The voltage doubler is based on the charge-pump principle of operation. A charge pump is a kind of DC-to-DC converter that uses capacitors for energetic charge storage to raise or lower voltage. Charge-pump circuits are capable of high efficiencies, sometimes as high as 90–95%, while being electrically simple circuits.
The circuit needs square wave pulses to drive the converter transistors. The frequency could be between 10-100KHz. Higher frequency gives lower output voltage ripple if capacitors stay the same. The pulses could come from a microcontroller or a simple hcmos rc oscillator, fig.2 below.
R1 value depends on the peak value of the input pulse train and is calculated like this:
$$R1=(Upeak-V_[BEsat])/I_B$$ If we choose the transistor base current to be =0.5mA, VBEsat 0.8V and Upeak 3.3V we get:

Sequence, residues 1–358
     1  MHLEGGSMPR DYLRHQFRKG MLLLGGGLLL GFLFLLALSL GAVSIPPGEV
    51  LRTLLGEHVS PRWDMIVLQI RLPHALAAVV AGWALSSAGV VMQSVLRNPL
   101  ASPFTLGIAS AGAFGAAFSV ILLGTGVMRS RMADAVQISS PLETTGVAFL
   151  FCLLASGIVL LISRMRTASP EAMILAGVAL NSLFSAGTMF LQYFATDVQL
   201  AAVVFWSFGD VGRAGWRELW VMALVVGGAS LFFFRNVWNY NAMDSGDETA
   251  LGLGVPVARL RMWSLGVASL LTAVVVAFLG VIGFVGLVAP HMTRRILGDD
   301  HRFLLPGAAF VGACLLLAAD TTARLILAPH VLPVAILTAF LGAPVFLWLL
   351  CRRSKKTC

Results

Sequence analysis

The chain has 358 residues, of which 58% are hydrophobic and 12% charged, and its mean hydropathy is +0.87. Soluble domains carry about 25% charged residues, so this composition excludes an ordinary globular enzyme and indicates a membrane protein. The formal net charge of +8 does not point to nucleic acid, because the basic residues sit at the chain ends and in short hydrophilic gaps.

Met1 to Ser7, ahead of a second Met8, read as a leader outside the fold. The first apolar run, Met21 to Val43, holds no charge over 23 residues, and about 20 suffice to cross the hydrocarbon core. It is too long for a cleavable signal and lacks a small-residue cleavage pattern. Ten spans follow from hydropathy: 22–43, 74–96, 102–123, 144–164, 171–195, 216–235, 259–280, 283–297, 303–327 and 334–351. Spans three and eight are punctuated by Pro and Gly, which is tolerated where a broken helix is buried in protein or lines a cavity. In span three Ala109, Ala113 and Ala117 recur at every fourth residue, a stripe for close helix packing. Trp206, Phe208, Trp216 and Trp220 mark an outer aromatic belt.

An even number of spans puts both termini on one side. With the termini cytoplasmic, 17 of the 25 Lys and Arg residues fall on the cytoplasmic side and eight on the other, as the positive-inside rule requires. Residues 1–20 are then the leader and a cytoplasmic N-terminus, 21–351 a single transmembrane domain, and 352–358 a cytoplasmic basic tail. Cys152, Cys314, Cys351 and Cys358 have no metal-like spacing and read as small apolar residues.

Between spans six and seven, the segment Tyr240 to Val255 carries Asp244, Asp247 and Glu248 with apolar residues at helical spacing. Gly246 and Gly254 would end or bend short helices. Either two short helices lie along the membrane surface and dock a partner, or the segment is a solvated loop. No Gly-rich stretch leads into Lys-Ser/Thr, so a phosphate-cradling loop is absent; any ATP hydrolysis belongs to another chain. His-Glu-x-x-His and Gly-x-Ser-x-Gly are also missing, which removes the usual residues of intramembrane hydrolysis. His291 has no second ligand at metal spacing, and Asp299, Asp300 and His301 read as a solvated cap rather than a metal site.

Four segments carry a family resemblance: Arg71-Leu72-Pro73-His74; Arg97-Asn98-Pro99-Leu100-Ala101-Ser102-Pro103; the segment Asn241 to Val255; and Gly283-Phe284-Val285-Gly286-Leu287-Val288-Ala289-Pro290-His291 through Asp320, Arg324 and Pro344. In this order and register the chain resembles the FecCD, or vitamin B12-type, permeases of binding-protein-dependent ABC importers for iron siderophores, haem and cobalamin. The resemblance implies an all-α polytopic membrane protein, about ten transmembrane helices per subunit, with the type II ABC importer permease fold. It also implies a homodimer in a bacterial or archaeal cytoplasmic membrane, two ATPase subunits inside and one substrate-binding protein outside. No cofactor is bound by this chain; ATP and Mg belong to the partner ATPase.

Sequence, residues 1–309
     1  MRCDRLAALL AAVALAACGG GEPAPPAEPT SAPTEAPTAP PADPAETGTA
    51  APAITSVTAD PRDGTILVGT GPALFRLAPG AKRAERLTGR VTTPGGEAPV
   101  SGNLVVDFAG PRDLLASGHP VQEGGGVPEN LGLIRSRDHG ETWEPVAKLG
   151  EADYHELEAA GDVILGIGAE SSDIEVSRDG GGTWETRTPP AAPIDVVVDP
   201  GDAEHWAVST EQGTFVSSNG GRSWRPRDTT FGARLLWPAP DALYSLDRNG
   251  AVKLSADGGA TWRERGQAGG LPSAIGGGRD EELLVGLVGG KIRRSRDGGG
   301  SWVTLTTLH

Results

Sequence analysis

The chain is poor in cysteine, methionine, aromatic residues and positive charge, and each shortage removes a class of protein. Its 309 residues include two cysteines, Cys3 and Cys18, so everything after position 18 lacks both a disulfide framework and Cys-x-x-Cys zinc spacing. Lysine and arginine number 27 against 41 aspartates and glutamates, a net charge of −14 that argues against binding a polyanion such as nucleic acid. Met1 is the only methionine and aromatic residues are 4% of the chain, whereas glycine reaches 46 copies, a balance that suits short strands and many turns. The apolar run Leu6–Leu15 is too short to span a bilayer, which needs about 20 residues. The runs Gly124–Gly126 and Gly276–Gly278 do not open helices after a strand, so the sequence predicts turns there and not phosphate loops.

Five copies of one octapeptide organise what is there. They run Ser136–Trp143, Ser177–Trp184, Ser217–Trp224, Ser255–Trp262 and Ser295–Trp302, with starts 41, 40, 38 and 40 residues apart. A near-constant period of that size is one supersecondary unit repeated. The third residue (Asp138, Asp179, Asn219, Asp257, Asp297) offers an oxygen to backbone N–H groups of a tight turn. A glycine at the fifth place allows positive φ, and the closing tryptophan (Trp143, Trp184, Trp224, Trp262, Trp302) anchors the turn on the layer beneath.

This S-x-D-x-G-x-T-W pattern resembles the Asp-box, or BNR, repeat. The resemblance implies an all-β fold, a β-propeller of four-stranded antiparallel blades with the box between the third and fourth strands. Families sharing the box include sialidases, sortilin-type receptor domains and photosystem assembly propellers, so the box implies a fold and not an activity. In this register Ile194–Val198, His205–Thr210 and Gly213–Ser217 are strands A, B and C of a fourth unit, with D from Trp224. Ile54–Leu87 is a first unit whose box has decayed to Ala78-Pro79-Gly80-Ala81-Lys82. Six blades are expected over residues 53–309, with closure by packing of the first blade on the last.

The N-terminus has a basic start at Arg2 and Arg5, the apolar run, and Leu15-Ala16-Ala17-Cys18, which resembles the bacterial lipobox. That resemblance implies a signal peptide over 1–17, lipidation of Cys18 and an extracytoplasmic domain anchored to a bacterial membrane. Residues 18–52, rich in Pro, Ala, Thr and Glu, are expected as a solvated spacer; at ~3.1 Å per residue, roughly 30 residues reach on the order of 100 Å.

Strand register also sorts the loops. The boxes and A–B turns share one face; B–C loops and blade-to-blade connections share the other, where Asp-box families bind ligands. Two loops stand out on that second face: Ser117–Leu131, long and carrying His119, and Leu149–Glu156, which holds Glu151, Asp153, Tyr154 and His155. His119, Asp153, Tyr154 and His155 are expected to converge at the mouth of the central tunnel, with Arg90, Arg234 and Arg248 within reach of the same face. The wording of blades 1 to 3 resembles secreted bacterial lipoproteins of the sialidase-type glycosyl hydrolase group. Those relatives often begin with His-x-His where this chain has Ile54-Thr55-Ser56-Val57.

It is important to drive the transistors fully on and off for max efficiency so it may be needed to increase the base current to 1mA.
Brief circuit description:
At startup C3 charges up to the supply voltage minus two diode drops.
When Q1 switches on Q2 turns off and C2 is charged to the input supply voltage trough D1. When Q1 turns off, Q2 starts to conduct, and it will pull the negative terminal of C2 up to the input voltage terminal. At this point C2 delivers its charge to C3 trough D3 and the voltage on C3 starts rising to almost twice the input supply voltage. Then this cycle repeats.
This circuit is amazingly efficient. The supply current is just slightly more than twice the supply current. In this example the efficiency is 90%.
This efficiency at this low output current is hard to beat using commercial boost switching regulators.